Cartoonist: Dave Chisholm
Publisher: Scout Comics
WHAT IS IT?
A highly philosophical science fiction space adventure about memory, agency, philosophy, and trauma.
Think Interstellar (2014) meets Moon (2009).
WHAT'S IT ABOUT?
When astronaut and physicist Helen Sterling wakes up with amnesia on a planet three hundred light-years from Earth, she must piece together her memories and attempt to complete her mission, even as it remains a mystery to her. With her ship in disrepair, Helen and her robot companion Arthur must find the materials to get back home.
As they travel, relics from Helen's past are formed in front of her and more of the mystery of how she got there and what happened to her memory is unlocked. But will she be ready to accept the truth of her condition, and will she be able to complete her mission in time?
Chisholm presents an ambitious and sweeping story that covers both an intensely personal and epically grand scale. Managing to convincingly portray both the journey of a motivated individual and what is essentially a creation myth simultaneously is noteworthy in and of itself.
It's clear that this is a singular vision of an auteur with a lot to say both about the chosen subject matter and the craft of creating comics as a whole. Though that can certainly be a loaded term (both Alfred Hitchcock and Tommy Wiseau are auteurs), it provides a unique and authentic reading experience.
Though there are a limited number of characters for Helen to interact with, being tethered to her point of view never gets tedious and her journey never becomes boring. There's always something going on and Helen's constant presence doesn't slow that pace as it might in a more conventional story.
The art itself is expressive and contains a staggering amount of detail that could be pretty easily glanced over. Real work and love went into making the comic, but that never spills into the feeling that the artist is being ostentatious or trying to overdo it.
If one thing does truly sell the urgency of the plot and the epic scope of the story, it's the striking images and intense art style employed on every page of Canopus's four issues.
The flat, pastel colors are evocative of the Dr. Manhattan chapters in Watchmen and impart the same feeling of vastness and loneliness central to the story's conceit.
The twin themes of trauma and rebirth are consistently planted throughout the series and pay off by the end in a spectacularly satisfying way. Your mileage may vary on certain aspects of the story and presentation, but it's hard not to walk away without being impacted by the simplicity and beauty of Canopus's ending.
WHAT DOESN'T WORK?
Ambition is a double-edged sword, and as grand as the scope of the story was, there was quite a bit of the minute-to-minute moments that fell flat. The biggest offenders are the huge, four-page double-spreads that mark Helen's memories returning; it's impressive in theory, but in practice grinds the pacing to a halt and can quickly become tedious to read.
Amnesia as a plot device is tired and isn't redeemed by pointing out that fact in the text. To the story's credit, amnesia is a central part of the comic and deeply impacts the plot and themes, but that isn't going to stop anyone from rolling their eyes and putting the book down at the outset if they feel strongly about it.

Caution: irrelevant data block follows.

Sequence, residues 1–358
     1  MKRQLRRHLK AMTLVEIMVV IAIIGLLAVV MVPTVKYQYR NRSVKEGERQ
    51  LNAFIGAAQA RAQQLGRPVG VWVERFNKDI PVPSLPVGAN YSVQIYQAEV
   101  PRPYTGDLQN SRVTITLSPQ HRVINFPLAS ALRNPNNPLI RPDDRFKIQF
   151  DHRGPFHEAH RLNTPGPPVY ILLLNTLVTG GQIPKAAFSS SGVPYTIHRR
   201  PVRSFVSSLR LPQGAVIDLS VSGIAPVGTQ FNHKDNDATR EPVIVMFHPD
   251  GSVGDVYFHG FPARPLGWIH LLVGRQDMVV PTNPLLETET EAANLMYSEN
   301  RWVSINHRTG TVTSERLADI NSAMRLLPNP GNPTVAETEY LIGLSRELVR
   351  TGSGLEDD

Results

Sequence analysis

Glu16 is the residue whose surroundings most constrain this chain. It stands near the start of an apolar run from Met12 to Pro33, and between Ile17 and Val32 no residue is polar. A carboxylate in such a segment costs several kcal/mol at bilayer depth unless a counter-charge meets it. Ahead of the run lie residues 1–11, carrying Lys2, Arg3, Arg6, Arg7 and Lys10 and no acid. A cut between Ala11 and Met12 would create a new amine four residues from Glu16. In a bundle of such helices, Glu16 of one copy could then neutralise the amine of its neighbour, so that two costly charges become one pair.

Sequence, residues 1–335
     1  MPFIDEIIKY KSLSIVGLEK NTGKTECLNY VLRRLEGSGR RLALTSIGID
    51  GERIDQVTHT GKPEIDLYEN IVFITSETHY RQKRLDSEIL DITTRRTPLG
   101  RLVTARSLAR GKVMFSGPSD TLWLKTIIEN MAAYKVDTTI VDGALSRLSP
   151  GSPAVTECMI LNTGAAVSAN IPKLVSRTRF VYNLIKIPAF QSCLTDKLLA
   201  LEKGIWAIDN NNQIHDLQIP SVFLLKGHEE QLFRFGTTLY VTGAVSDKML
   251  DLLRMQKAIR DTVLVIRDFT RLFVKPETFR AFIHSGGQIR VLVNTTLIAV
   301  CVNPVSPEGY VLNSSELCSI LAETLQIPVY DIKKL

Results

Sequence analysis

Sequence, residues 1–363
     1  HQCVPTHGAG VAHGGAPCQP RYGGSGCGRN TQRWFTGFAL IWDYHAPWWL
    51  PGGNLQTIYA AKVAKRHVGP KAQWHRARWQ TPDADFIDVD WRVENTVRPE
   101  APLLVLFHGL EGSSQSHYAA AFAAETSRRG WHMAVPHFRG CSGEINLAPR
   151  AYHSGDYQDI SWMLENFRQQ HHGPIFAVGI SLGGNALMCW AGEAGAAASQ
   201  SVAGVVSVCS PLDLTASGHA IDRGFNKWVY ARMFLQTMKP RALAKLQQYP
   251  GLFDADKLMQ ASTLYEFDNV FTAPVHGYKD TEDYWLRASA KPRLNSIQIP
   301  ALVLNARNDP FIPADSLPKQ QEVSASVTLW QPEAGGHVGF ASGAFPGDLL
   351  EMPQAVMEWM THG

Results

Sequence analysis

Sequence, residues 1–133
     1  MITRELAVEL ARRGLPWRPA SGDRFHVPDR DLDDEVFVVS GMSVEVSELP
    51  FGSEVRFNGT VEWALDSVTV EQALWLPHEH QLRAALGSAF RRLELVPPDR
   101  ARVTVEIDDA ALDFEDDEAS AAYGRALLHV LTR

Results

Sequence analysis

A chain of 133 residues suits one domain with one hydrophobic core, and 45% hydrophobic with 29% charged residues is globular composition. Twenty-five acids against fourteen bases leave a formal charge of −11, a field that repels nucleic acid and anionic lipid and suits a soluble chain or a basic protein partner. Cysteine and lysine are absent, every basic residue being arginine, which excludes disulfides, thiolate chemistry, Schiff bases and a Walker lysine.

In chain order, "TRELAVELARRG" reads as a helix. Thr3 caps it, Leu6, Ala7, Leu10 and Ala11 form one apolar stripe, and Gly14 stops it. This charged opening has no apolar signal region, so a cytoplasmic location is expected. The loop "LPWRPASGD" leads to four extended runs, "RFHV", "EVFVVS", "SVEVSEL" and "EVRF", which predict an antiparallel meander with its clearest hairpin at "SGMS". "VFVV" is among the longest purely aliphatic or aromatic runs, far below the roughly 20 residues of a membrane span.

The art, though expressive, was often incongruous with what was happening in the scene. I honestly wasn't sure if I was supposed to take certain things seriously because of the ghoulish faces being made that could easily be mistaken for a dark comedic tone.
Some of the dialogue, likewise, just doesn't work. Arthur, for example, often attempts to crack jokes and keep things lighthearted, but it mostly just undercuts the tone and makes his eventual revelation in the plot seem less believable (for reasons that are far too spoilery to get into).
Helen is a mixed bag of a protagonist which I'll try to condense into a single example: Though she is, in her memories and through her position, presented as a genius, the plot only works because she repeatedly makes obviously stupid decisions that make it hard to take her seriously.
There's some arguably hamfisted imagery and rushed sequences that distract from the otherwise well-thought-out themes of the story. It's easy to get distracted from what the book is trying to say with the overt way it attempts to say it.
At best, the lettering gets the job done, but frequently (and especially during those aforementioned memory sequences) it fails to properly guide the reader through the panels which makes it far too easy to get lost on the page.
WHY SHOULD I READ IT?
I probably come across as fairly harsh on this comic, but I actually rather enjoy it. There may be a lot to take a critical eye to, but it's still a well-realized sci-fi epic with some strikingly beautiful pages and a ton of big ideas. Anyone that likes the genre or is a fan of philosophical storytelling will find something to enjoy here.
Canopus isn't perfect, but it has something to say and it isn't embarrassed to try something different. All things considered, I'd rather read something that has flaws and takes a risk than a safe, inoffensive book with no soul any day.
WHAT SHOULD I READ NEXT?
If you like the writing:
Chasin' the Bird by Dave Chisholm
Coffinbound by Dan Watters & Dani
Strayed by Carlos Giffani & Juan Doe
If you like the art:
ABOUT THE CREATOR:
Dave Chisholm – Cartoonist
Multitalented: Wrote, illustrated, and lettered this entire comic
Music Lover: Has a doctorate in jazz trumpet
Award Winner: His music has received many awards and accolades, and I have a feeling his comics will, too
HOW DO I BUY IT?
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